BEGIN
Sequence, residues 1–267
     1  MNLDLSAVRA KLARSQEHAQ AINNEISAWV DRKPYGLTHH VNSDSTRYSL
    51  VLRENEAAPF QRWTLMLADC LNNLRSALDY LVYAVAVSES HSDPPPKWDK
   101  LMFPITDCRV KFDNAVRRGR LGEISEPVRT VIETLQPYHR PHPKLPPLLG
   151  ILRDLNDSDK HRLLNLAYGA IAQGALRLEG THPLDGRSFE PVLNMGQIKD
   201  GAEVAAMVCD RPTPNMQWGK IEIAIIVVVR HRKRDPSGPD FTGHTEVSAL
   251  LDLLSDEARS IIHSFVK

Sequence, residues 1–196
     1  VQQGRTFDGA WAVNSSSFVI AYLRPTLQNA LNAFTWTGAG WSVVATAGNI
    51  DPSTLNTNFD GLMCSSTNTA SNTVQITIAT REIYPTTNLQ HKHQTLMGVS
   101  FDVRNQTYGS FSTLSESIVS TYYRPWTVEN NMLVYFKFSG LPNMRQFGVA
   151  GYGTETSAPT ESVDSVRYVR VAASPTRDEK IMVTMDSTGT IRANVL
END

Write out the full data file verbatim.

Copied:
Sequence, residues 1–267
     1  MNLDLSAVRA KLARSQEHAQ AINNEISAWV DRKPYGLTHH VNSDSTRYSL
    51  VLRENEAAPF QRWTLMLADC LNNLRSALDY LVYAVAVSES HSDPPPKWDK
   101  LMFPITDCRV KFDNAVRRGR LGEISEPVRT VIETLQPYHR PHPKLPPLLG
   151  ILRDLNDSDK HRLLNLAYGA IAQGALRLEG THPLDGRSFE PVLNMGQIKD
   201  GAEVAAMVCD RPTPNMQWGK IEIAIIVVVR HRKRDPSGPD FTGHTEVSAL
   251  LDLLSDEARS IIHSFVK

Sequence, residues 1–196
     1  VQQGRTFDGA WAVNSSSFVI AYLRPTLQNA LNAFTWTGAG WSVVATAGNI
    51  DPSTLNTNFD GLMCSSTNTA SNTVQITIAT REIYPTTNLQ HKHQTLMGVS
   101  FDVRNQTYGS FSTLSESIVS TYYRPWTVEN NMLVYFKFSG LPNMRQFGVA
   151  GYGTETSAPT ESVDSVRYVR VAASPTRDEK IMVTMDSTGT IRANVL